Sears Canada shares drop as U.S. holding company plans to cut stake

After several years of trying to gain a bigger stake of Sears Canada, its U.S. majority owner said Thursday it plans to cut its interest in the troubled department store chain as it deals with its own dwindling sales.

TORONTO — After several years of trying to gain a bigger stake of Sears Canada, its U.S. majority owner said Thursday it plans to cut its interest in the troubled department store chain as it deals with its own dwindling sales.

Sears Holdings Corp. (NYSE:SHLD), which also owns the Sears, Kmart and Lands’ End department store chains in the United States, expects to reduce its stake in the Canadian company to 51 per cent by transferring 45.1 million shares to its stockholders.

The holding company, which currently owns about 95 per cent of the common shares of Sears Canada, could then choose to sell some or all of the rest of its stake.

Sears Holdings has been restructuring operations south of the border in an effort to regain profitability and market share.

In December, it announced it would close between 100 and 120 of its roughly 4,000 stores. And in February it said it would sell 11 stores to General Growth Properties for $270 million, as well as spin off its smaller Hometown and Outlet stores and some hardware stores in order to raise cash.

The parent company’s move also comes as the Canadian retailer revamps many of its locations and slashes prices to contend with lagging sales. Sears Canada announced Wednesday a return to profitability in its most recent quarter, though it was driven by gains from the early termination of leases on three high-profile locations. It has also cut more than 1,000 jobs in recent months.

The U.S. company’s decision, announced by Sears Canada, appeared to come as a surprise to investors. Sears Canada (TSX:SCC) stock fell nearly 13 per cent or $1.70 to close at $11.45 on the Toronto Stock Exchange.

At one time, Sears Holdings was beefing up its stake in the Canadian retailer, gradually boosting its investment from 55 per cent in 2004. Two years later, it made a failed attempt to take the company private at $18 per share, an offer that minority shareholders rebuked, saying the price was too low.

Keith Howlett of Desjardins Capital Markets said the transaction could provide Sears Canada with some newfound freedom to grow.

“While all options to realize value from Sears Canada still remain open to Sears Holdings, it appears to us that the new executive management of Sears Canada has been granted at least a couple of years to establish if its plan can turn operating results around,” Howlett wrote in a note.

“This was not necessarily what minority investors in Sears Canada had expected. However, it should boost management and employee morale as the organization girds itself for battle with Target, Lowe’s and Walmart.”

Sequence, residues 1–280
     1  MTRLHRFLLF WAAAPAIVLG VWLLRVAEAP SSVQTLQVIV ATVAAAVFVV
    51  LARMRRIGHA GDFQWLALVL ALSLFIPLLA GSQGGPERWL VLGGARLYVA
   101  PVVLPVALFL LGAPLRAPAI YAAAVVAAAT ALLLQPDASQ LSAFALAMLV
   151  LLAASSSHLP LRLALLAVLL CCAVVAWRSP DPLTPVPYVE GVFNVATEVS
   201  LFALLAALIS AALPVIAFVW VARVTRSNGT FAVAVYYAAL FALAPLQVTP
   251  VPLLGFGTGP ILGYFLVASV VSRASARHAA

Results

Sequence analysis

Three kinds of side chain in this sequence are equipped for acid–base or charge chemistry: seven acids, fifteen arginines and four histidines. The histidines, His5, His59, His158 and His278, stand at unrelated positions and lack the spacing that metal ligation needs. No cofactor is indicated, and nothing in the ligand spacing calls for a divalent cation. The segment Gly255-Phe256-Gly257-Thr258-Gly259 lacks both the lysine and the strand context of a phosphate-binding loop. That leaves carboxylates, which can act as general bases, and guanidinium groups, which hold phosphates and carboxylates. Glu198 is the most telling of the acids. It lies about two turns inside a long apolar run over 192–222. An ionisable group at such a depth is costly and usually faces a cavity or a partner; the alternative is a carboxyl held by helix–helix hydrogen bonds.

Sears Canada is preparing for heightened competition across the sector, as U.S. discount superstore Target Corp. launches early next year and Walmart expands some of its stores.

Control of Sears Canada would for now remain with Sears Holdings and its controlling shareholder, Edward Lampert.

After the shares are spun off, Lampert would control 27 per cent of Sears Canada, other public shareholders of Sears Holdings 17 per cent and minority shareholder of Sears Canada five per cent.

The strategy by Sears Holdings could also keep the U.S. parent company funded as it reworks its operations, said Toronto-based retail analyst John Williams of J.C. Williams Group Ltd.

“Sears Holdings continues to announce plans of changes and upgrading to their stores and Sears Canada is a pretty small portion of the total company,” he said in a phone interview.

Sears Canada does “have some great assets — long-term leases or property and some of their brands have a good equity in them.”

Sears Holdings announced a return to profitability on Thursday, with the Hoffman Estates, Ill.,-based company saying it earned US$189 million, or $1.78 per share, for the period ended April 28. It lost $170 million, or $1.58 per share, a year ago.

The current quarter included a $233-million gain on the sale of some U.S. and Canadian stores and leasehold interests. Excluding store closing costs and other items, Sears Holdings lost 31 cents per share from continuing operations. Analysts had expected a loss of 67 cents per share.

Sears currently has more than 3,900 stores in the U.S. and Canada.

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